3. When done, you want the bags to fit as two sets of two into each end of the tube. 
  4. Insert the bags into place through the zippered opening one at a time. We found that slipping them in and then holding on to the pony tail ends to further shake them down into place worked quite well. 
  5. Adjust the filler back and forth as needed for a nice even fit. This is why we suggested some "flex space" in the filler bags themselves as well as within the tube. Zip closed.

Contributors

Project Design: Alicia Thommas
Sample Creation and Instructional Outline: Debbie Guild

Section: 

Comments (13)

Ina Lusky said:
Ina Lusky's picture

for the filling I used little rests of my fabrics, so I don´t toke them to the waste basket and it is lightwight (after putting fleece in). my whole door draft gard was a recycling project of old jeans, rests of bag bands, filling with smallest fabric rests and trying some sewing machine stitches.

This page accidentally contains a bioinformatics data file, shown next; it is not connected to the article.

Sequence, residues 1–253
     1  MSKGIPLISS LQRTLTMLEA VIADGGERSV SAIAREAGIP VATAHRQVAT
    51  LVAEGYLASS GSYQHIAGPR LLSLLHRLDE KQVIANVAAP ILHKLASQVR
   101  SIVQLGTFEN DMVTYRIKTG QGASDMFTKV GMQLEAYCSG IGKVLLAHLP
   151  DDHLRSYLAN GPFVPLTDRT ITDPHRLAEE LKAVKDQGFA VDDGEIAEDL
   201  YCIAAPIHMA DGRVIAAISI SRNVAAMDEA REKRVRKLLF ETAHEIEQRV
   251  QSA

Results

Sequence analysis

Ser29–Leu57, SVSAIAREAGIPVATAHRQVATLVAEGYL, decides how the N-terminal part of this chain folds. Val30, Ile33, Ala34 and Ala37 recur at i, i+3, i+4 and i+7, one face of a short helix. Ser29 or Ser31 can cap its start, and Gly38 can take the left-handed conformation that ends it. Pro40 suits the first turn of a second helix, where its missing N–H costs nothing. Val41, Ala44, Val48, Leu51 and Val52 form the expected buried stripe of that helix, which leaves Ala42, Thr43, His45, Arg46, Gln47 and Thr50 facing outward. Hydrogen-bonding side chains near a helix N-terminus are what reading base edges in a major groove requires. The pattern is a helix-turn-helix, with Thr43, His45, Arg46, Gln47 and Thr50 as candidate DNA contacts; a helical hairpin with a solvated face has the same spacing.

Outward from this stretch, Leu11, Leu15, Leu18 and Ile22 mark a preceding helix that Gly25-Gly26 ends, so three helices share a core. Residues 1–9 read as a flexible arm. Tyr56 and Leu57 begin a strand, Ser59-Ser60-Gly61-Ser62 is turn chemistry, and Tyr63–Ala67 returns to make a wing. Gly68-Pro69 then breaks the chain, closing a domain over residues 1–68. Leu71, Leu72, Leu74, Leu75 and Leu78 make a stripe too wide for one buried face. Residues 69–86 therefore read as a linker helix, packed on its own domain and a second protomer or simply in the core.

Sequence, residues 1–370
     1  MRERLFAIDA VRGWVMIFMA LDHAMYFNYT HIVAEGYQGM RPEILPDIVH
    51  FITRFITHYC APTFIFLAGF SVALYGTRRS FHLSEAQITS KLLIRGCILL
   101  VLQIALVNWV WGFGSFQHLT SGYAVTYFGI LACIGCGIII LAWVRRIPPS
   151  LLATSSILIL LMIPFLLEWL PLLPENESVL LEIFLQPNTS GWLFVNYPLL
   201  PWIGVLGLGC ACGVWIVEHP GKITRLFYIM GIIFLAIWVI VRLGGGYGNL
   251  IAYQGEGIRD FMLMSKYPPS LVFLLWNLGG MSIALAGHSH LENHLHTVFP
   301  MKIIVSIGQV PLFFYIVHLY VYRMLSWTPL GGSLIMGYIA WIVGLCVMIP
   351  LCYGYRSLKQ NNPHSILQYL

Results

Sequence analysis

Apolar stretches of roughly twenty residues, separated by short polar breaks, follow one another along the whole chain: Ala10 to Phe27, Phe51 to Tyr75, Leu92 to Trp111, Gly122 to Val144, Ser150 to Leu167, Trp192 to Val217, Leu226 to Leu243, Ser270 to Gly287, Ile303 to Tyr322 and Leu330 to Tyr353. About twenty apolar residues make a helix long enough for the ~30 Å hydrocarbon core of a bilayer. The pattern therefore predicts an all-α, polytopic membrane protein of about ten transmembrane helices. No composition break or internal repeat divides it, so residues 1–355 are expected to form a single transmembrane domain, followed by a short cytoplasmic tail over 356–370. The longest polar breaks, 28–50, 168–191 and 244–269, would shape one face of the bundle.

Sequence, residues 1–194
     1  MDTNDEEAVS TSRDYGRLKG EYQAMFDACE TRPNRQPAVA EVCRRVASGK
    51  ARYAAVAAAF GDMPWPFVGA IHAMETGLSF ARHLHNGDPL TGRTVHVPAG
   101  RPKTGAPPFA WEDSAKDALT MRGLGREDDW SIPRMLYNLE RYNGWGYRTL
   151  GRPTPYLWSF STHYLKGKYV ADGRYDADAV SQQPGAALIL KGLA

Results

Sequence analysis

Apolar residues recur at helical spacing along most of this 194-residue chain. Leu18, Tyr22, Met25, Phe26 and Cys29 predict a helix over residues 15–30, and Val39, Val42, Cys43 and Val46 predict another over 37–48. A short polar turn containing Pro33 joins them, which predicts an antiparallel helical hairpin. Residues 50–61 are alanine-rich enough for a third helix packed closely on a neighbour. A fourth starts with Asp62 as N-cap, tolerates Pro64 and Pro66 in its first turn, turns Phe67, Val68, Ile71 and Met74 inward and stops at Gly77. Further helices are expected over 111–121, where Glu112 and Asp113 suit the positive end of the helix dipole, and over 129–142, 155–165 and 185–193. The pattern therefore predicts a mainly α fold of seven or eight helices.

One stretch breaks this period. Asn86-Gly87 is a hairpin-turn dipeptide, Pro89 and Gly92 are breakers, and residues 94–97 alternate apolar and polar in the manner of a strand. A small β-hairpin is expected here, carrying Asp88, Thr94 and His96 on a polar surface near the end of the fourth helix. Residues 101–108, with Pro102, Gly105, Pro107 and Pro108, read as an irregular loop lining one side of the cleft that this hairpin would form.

Liz Johnson.Editor.Sew4Home said:
Liz Johnson.Editor.Sew4Home's picture

@Ina - Thanks for letting us know how you did things - lovely ideas. We like that you make it a re-make and re-use kind of project.

Syl said:
Syl's picture

I would prefer to use the sand instead of dried food products as a filler. Mainly because even though the filler is housed in plastic, it could still split in a very active family. Then, moisture could seep in causing the beans or rice to swell and then cause mold and  odors.

FloridaQuilter said:
FloridaQuilter's picture

Sand in recycled plastic bags that newspapers are delivered in works well.

betty battenburg said:
betty battenburg's picture

Would it be possible to do this with a standard zipper rather than an invisible zipper?  Everything I've read has kind of scared me about using an invisible zipper!